The book Success Made Simple by Erik Wesner was mistitled. While it’s true there are many examples of great simplicity in the book, simple is hard. There is no Amish formula for business success per se. They are as much seeker and students as the rest of us. Some of the success secrets they have found are those being rediscovered and taught in modern management:
“They’re not necessarily included with big decisions,” says an Amish business owner, discussing the importance of having mentors and sounding boards, “but they can be very helpful in improving efficiency and operations on the ground. Employees often have a unique vantage point to access whether a given change is achieving what it was intended to, and whether other issues have been created as a result.”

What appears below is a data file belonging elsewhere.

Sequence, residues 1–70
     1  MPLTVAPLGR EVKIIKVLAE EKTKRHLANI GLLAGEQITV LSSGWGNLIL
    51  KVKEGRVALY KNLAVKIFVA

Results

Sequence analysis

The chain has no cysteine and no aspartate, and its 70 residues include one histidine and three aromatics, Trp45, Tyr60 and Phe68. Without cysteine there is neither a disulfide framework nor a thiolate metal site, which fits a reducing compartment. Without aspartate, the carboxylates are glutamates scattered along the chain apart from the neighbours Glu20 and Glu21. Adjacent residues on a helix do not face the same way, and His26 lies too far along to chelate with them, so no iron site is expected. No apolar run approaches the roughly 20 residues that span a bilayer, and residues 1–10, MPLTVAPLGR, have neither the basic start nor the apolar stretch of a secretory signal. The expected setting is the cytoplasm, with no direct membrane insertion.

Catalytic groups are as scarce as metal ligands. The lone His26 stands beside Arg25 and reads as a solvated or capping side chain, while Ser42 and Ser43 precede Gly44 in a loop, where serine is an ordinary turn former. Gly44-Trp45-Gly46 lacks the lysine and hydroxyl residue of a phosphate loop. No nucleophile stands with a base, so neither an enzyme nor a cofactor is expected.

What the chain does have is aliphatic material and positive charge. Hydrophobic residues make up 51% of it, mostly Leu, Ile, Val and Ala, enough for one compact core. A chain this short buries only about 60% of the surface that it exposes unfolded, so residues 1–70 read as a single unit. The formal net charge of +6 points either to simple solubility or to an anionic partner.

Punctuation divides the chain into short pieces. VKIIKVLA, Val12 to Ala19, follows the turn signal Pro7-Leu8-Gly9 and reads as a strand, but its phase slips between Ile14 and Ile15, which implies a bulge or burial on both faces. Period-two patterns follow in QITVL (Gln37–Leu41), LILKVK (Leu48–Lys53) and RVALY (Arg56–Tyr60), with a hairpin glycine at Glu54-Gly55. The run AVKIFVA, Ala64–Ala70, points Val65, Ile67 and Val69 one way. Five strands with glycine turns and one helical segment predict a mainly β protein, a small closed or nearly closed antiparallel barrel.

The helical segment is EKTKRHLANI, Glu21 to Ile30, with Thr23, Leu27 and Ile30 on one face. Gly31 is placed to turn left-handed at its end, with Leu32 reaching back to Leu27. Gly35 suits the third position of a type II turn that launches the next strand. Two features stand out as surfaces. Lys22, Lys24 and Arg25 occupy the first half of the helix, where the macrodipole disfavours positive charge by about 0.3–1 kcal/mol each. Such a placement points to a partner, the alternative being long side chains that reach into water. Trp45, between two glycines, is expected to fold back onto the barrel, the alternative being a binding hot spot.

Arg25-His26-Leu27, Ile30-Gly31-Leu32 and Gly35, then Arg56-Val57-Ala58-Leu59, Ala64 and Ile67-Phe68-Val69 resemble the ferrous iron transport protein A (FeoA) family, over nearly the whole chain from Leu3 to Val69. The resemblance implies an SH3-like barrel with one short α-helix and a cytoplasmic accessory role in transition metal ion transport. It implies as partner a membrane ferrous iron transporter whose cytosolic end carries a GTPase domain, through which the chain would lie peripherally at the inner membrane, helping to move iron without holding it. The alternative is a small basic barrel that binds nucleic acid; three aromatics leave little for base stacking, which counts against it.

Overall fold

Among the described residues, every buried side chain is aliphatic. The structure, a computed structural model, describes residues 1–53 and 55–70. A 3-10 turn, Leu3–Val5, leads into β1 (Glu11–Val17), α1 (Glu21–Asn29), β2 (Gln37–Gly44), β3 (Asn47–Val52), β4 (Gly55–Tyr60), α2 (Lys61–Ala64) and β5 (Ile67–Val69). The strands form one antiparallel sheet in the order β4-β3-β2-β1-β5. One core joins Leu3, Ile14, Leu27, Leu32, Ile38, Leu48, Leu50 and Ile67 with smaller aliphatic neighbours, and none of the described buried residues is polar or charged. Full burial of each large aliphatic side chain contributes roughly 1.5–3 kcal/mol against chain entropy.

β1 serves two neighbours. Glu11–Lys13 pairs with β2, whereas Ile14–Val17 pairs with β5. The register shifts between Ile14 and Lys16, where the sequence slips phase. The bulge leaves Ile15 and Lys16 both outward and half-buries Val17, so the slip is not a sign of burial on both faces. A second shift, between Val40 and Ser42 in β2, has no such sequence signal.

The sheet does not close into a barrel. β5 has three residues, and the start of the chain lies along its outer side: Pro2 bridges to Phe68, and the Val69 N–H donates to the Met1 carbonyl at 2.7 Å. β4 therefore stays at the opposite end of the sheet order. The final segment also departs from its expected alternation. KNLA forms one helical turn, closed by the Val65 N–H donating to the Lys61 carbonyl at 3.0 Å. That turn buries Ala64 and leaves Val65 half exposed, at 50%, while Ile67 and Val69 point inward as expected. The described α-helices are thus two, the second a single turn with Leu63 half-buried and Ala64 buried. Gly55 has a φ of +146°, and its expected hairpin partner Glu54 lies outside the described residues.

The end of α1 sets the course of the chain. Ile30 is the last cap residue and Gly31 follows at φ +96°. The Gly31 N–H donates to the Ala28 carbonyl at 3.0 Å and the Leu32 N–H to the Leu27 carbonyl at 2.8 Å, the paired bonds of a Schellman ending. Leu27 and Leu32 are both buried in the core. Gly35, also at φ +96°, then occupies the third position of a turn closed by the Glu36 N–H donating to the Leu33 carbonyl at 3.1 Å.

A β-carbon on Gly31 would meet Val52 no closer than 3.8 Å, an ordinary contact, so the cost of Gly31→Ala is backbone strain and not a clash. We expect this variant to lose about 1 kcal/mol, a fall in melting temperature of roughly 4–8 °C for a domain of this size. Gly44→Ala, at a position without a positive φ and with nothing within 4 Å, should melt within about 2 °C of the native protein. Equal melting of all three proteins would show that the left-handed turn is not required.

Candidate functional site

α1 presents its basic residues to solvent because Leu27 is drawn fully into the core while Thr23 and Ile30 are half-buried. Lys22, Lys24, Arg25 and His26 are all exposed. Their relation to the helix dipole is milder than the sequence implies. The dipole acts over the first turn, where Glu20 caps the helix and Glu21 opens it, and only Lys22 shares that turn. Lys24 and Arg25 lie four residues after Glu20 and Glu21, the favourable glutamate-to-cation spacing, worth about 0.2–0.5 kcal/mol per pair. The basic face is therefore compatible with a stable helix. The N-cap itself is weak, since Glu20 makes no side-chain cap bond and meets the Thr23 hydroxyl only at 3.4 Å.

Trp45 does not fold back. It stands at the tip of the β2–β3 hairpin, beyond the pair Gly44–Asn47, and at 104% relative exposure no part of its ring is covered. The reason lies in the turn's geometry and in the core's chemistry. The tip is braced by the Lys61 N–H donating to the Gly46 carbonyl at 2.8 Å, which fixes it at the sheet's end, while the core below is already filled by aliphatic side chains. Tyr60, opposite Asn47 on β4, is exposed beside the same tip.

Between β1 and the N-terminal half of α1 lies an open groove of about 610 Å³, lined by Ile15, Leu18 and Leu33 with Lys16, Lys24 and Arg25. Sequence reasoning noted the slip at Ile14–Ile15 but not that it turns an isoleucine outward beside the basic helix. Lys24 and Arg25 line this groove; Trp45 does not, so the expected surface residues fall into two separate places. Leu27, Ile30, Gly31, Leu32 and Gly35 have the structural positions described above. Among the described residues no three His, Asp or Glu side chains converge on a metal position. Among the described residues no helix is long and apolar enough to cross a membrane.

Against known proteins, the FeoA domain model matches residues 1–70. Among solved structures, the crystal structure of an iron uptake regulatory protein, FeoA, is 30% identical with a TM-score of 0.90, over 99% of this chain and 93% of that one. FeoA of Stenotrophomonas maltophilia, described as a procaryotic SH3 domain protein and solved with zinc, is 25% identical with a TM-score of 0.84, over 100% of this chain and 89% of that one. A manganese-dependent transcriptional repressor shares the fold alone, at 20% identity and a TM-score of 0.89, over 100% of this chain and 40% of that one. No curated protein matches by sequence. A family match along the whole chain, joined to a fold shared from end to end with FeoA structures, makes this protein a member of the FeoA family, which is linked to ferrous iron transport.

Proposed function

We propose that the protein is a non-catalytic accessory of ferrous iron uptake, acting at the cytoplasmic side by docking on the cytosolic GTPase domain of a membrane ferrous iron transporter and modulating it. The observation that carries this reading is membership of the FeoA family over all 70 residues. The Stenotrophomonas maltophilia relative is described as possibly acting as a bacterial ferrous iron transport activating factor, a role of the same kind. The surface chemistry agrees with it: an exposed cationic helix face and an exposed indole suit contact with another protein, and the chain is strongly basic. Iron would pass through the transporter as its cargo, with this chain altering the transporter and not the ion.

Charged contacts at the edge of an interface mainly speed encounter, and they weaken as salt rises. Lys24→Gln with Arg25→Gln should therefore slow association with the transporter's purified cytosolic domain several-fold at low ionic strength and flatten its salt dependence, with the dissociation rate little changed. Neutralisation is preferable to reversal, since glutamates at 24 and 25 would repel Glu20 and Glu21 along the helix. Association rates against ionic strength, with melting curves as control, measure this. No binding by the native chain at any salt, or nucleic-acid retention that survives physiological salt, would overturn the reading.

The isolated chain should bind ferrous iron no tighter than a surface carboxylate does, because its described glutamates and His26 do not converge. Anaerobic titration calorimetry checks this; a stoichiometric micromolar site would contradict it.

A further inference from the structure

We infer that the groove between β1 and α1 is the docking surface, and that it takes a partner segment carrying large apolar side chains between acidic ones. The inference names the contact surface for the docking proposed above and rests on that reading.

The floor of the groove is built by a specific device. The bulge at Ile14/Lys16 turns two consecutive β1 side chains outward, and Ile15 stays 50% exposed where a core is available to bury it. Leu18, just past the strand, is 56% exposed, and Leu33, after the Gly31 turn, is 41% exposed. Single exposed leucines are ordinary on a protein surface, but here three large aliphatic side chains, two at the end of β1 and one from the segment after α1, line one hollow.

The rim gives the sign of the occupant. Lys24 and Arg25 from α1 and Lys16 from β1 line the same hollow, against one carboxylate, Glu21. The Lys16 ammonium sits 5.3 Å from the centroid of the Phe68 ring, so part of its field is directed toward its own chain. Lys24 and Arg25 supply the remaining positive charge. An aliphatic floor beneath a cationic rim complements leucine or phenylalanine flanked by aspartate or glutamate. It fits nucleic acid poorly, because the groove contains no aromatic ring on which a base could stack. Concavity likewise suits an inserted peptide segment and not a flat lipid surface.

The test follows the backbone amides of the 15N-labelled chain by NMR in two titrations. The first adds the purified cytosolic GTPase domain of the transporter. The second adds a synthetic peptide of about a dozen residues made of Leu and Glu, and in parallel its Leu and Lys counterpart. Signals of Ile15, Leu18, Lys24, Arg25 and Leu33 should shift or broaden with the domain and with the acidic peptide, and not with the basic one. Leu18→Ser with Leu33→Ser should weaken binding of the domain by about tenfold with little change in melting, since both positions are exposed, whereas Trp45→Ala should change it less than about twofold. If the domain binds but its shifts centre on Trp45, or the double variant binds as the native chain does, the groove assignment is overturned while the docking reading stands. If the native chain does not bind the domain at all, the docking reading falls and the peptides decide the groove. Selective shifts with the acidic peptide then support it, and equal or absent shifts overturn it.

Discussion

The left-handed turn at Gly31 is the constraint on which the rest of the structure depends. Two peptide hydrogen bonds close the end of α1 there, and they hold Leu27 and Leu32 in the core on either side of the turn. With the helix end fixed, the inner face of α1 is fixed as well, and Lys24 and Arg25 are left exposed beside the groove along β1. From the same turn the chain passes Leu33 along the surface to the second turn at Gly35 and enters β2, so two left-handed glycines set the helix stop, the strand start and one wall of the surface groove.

Here he talks about the need to create a blame-free culture.
“You employees need to [be] sure that they can tell you something needs to be changed, without thinking that you’re going to think badly of them, or retaliate.”
Making a safe environment to give their improvement ideas is not enough, management must also proactively demonstrate that they care, and ask:
“At the same time, it’s important to actually ask them, too. Because some guys… will know something, and won’t tell you, unless you ask them. Just because they don’t think you care, or don’t have time to listen.”
The book makes its biggest impression illustrating the humility of the Amish people, and how this humility is at the source of their success. Their commitment to their community, their faith, their families and the well-being of their fellow man provide a firm grounding for their business practices, making their success seem simple.
Previous articles on the Amish and lean thinking:
10 Things the Amish Can Teach Toyota Leadership
7 Amish Habits to Make You Lean and Wealthy